Place:Broughton (near Stokesley), North Riding of Yorkshire, England

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NameBroughton (near Stokesley)
Alt namesBroughtonsource: shortened name for parish
Great and Little Broughtonsource: unofficial name for parish
Great Broughtonsource: village in parish
Magna Broctunsource: Latinized form
Little Broughtonsource: village in parish
Parva Broctonsource: Latinized form
TypeTownship, Civil parish
Coordinates54.45°N 1.158°W
Located inNorth Riding of Yorkshire, England     ( - 1974)
Also located inYorkshire, England    
North Yorkshire, England     (1974 - )
See alsoLangbaurgh West Wapentake, North Riding of Yorkshire, Englandwapentake in which it was located
Stokesley Rural, North Riding of Yorkshire, Englandrural district of which it was part 1894-1974
Hambleton District, North Yorkshire, Englanddistrict municipality in which it has been situated since 1974
source: Family History Library Catalog
the following text is based on an article in Wikipedia

Broughton (near Stokesley) or Great Broughton is a village in the Hambleton District of North Yorkshire in northern England. It is located 2 miles (3.2 km) south of Stokesley, on the edge of the North York Moors National Park and the Cleveland Hills. Together with the adjacent village of Little Broughton, it forms a civil parish within Hambleton District. The two villages are listed (under their Latin names Magna Broctun and Parva Broctun) in the Domesday Book of 1086. The name "Broughton" is a common English placename, derived from Old English meaning "farmstead by a brook".

Broughton Beck flows northward through the village, joining the River Leven, a tributary of the Tees, at Stokesley.

Great Broughton is 1 mile (1.6 km) east of Kirby in Cleveland, and was formerly part of its ecclesiastical parish. It was a part of the wapentake and liberty of Langbaurgh West. Between 1894 and 1974 it was a civil parish in Stokesley Rural District.

The economy of the village was formerly dependent on agriculture, textiles and jet mining, but now the village relies on tourists visiting the moors and functions as a dormitory settlement for Teesside and North Yorkshire. The 2001 census put the population of the parish at 950, with the council estimating 940 inhabitants in 2005.

Research Tips

This is by far the most complete history of the parishes of the county to be found online. The chapters are ordered by the divisions of the county called wapentakes, but each chapter is linked to the volume's content page.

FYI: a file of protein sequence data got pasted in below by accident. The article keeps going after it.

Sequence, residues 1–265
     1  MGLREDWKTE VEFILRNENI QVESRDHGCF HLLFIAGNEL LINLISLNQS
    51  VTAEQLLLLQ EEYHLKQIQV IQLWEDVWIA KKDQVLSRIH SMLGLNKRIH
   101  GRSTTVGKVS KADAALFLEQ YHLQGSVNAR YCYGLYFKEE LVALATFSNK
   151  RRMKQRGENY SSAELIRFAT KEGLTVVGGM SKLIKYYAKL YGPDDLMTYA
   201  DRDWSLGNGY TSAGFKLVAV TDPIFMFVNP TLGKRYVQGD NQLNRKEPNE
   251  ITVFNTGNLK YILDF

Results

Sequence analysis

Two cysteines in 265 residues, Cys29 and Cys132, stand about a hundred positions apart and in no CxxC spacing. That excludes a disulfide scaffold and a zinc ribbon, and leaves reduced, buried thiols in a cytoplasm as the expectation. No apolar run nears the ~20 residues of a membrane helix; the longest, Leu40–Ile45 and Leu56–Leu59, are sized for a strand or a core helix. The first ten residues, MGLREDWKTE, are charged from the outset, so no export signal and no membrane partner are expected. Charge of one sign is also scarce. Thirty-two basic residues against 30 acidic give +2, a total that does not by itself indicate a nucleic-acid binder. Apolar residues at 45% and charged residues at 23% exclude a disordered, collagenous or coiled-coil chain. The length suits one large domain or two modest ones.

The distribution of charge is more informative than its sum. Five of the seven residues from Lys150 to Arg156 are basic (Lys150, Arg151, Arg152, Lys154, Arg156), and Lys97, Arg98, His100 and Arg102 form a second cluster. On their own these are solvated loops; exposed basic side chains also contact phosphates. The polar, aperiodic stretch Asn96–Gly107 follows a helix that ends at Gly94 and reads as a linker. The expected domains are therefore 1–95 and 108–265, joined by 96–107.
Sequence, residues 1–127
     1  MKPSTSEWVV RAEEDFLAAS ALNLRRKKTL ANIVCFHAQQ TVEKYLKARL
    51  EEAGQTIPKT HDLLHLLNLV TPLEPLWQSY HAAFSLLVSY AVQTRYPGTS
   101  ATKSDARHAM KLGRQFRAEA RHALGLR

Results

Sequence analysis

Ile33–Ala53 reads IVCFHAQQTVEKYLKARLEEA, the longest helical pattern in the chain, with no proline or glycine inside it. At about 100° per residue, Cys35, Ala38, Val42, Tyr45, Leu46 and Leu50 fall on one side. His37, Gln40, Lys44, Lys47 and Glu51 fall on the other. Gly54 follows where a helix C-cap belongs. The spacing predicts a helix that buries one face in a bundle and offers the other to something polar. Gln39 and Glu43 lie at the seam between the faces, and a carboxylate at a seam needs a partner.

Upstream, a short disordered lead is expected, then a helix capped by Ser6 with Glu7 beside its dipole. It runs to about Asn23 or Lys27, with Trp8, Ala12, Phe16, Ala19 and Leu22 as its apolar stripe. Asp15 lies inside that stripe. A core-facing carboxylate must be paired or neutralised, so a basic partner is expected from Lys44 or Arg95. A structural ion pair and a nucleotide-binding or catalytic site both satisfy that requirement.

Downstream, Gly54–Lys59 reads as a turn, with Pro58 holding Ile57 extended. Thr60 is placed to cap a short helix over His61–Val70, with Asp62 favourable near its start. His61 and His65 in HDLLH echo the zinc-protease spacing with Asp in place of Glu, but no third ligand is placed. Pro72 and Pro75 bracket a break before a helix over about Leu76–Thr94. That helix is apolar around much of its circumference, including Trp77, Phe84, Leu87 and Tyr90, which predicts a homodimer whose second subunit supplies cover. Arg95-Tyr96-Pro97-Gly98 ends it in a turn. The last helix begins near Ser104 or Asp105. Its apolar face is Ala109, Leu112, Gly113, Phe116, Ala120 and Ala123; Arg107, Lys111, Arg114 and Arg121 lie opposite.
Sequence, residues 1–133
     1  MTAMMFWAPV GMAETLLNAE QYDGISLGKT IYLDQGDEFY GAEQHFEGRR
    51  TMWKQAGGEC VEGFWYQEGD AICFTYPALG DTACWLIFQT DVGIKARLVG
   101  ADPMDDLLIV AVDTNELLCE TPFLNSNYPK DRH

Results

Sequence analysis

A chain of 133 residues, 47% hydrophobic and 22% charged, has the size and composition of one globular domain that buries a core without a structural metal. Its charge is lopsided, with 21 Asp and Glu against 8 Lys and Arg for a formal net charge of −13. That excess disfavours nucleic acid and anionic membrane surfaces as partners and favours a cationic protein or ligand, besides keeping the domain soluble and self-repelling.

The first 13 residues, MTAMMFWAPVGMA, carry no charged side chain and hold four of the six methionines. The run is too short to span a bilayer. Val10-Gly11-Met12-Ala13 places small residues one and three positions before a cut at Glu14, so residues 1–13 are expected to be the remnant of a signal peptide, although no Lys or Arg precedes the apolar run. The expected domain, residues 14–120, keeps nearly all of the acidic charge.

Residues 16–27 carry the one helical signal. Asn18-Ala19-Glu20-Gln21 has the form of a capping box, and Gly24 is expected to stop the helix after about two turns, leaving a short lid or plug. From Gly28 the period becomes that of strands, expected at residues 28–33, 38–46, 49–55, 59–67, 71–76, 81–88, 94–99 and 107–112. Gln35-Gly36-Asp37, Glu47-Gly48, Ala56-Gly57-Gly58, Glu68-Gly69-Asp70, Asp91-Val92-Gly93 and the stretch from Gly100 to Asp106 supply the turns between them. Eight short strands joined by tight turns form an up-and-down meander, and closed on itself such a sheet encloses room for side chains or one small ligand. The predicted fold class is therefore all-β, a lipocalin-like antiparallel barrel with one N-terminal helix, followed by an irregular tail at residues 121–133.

• GENUKI has a page on all three ridings of Yorkshire and pages for each of the ecclesiastical parishes in the county. Under each parish there is a list of the settlements within it and brief description of each.
These are based on a gazetteer dated 1835 and there may have been a number of alterations to the parish setup since then. However, it is worthwhile information for the pre civil registration era. GENUKI provides references to other organizations who hold genealogical information for the local area. There is no guarantee that the website has been kept up to date and the submitter is very firm about his copyright. This should not stop anyone from reading the material.
  • The FamilyTree Wiki has a series of pages similar to those provided by GENUKI which may have been prepared at a later date. The wiki has a link to English Jurisdictions 1851 which gives the registration district and wapentake for each parish, together with statistics from the 1851 census for the area.
  • A Vision of Britain through Time, Yorkshire North Riding, section "Units and Statistics" leads to analyses of population and organization of the county from about 1800 through 1974. There are pages available for all civil parishes, municipal boroughs and other administrative divisions. Descriptions provided are usually based on a gazetteer of 1870-72.
  • Map of the North Riding divisions in 1888 produced by UK Ordnance Survey and provided online by A Vision of Britain through Time
  • Map of North Riding divisions in 1944 produced by UK Ordnance Survey and provided online by A Vision of Britain through Time
  • The above two maps indicate the boundaries between parishes, etc., but for a more detailed view of a specific area try a map from this selection. The oldest series are very clear at the third magnification offered. Comparing the map details with the GENUKI details for the same area is well worthwhile.
  • Yorkshire has a large number of family history and genealogical societies. A list of the societies will be found on the Yorkshire, England page.
  • In March 2018 Ancestry announced that its file entitled "Yorkshire, England: Church of England Parish Records, 1538-1873" has been expanded to include another 94 parishes (across the three ridings) and expected it to be expanded further during the year. The entries are taken from previously printed parish registers.
  • The chapter of the Victoria County History, published 1923, dealing with Kirby in Cleveland parish.
This page uses content from the English Wikipedia. The original content was at Great Broughton, North Yorkshire. The list of authors can be seen in the page history. As with WeRelate, the content of Wikipedia is available under the Creative Commons Attribution/Share-Alike License.